Category archive: Tommy Hanson

ROCKIES PITCHERS BATTERED AND BRUISED (9:21 p.m. ET)
All morning, Rockies reliever Randy Flores took part in a drill designed to improve the dexterity and reflexes of the pitchers.

Still, the exercise couldn't prepare him for the liner off the bat of Cleveland's Chris Gimenez. Before Flores even had time to flinch, the ball caught him squarely on the left forearm, leaving behind quite a bruise.

Following the Rockies' 6-3 win over the Indians on Wednesday, Flores walked out with his pitching arm wrapped in white gauze.

Just another member of Colorado's battered and bruised bullpen.

The knot on Flores' arm comes on the heels of the news concerning Huston Street, who could miss the season opener after experiencing tightness in his right shoulder during a recent throwing session. Street will find out the results of an MRI in the next day or so.

Should Flores' arm remain tender in the morning, he could be next in line for an MRI.

"When I came in, they did the test that would indicate if they thought it was broke -- if I shrieked or something," Flores said. "I passed. So, it basically feels like a monkey bump times 100. ... Looks like just a bruise."

Street and Flores aren't the only ones banged up in the bullpen. Set-up man Rafael Betancourt has an inflamed pitching shoulder -- although he had an encouraging pitching session Wednesday -- and Jimmy Gobble recently strained his groin.

The health of the bullpen remains a question mark with Opening Day in Milwaukee looming on April 5.

-- The Associated Press

ROYALS-PADRES SLUGFEST INCLUDES 30 RUNS, NO HOMERS (9:15 p.m. ET)
The Padres put together three five-run innings as they outslugged the Kansas City Royals 16-14 on Wednesday. Tony Gwynn and Lance Blanks each drove in three runs for the Padres.

The game included 31 hits, 10 doubles, three triples, 11 walks, a wild pitch, five errors, a passed ball and 12 unearned runs -- and lasted 3 hours and 27 minutes. The Padres led 16-4 entering the seventh, but the Royals scored 10 unanswered runs to make it interesting.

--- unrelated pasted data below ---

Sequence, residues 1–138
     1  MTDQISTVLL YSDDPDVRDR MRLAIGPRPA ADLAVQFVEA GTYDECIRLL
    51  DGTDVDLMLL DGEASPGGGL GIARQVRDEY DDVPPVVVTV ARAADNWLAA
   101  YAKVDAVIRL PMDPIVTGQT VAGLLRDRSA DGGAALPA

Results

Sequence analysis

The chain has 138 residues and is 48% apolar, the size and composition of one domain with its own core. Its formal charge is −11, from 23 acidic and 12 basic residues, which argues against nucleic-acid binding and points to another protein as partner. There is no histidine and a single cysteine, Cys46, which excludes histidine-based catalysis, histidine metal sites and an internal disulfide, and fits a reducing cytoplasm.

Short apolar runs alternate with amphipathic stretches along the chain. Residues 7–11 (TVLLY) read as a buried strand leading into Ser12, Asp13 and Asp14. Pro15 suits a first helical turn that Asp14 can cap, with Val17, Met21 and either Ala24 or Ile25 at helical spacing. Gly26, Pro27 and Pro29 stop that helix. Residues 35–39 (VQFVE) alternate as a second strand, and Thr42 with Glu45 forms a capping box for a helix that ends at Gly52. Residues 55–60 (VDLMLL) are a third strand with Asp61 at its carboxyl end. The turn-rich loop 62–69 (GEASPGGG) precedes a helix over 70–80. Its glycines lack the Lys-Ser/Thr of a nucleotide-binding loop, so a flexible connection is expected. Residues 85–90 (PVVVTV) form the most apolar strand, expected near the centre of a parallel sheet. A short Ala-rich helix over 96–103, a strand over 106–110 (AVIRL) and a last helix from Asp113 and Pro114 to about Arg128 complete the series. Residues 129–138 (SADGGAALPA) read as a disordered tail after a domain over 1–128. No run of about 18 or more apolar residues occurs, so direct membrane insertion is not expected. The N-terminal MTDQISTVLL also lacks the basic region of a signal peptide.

"I don't like the result," Royals manager Trey Hillman said. "I was proud the way we came back."

San Diego left-hander Clayton Richard watched San Diego score five runs in the second and five in the fourth. In both innings, the Padres sent 10 men to the plate.

"You wish there was a way for your team to score a lot of runs and do it quick," Richard said. "I've been thinking of that for a long time on how to make that happen. You love to see the offense do well, but it's tough to sit for so long and go back out there. But you'd definitely rather have that than your team not scoring runs."

-- The Associated Press

FORMER ALL-STAR TURNBOW RELEASED (6:28 p.m. ET)
The Marlins released former All-Star closer Derrick Turnbow, who was set to have his troublesome right shoulder examined by a doctor in Miami later Wednesday. Turnbow said Tuesday he knew his chances of making the Marlins were "over" after he left Tuesday's game with severe shoulder pain.

Turnbow said he was sure he would "be shut down for a while." He exited Florida's 12-3 victory against the Nationals in the eighth inning.

Turnbow walked one batter and hit another before walking off the mound with the team trainer. He was set to undergo an MRI on Wednesday and said surgery was a possibility.

The hard-throwing right-hander had 39 saves in 2005 for the Brewers and pitched in the 2006 All-Star Game. He hasn't pitched in the majors since 2008.

-- ESPN.com news services

MARQUIS TRYING TO GET FEEL FOR PITCHES (4:57 p.m. ET)
Jason Marquis allowed eight runs on eight hits over 3 1/3 innings in his second start of the spring, and the Houston Astros beat the Washington Nationals 11-2 on Wednesday.

Marquis allowed the first four batters to reach base during a five-run first inning. He gave up eight total hits and struggled with his command, walking four. His ERA rose to 21.94.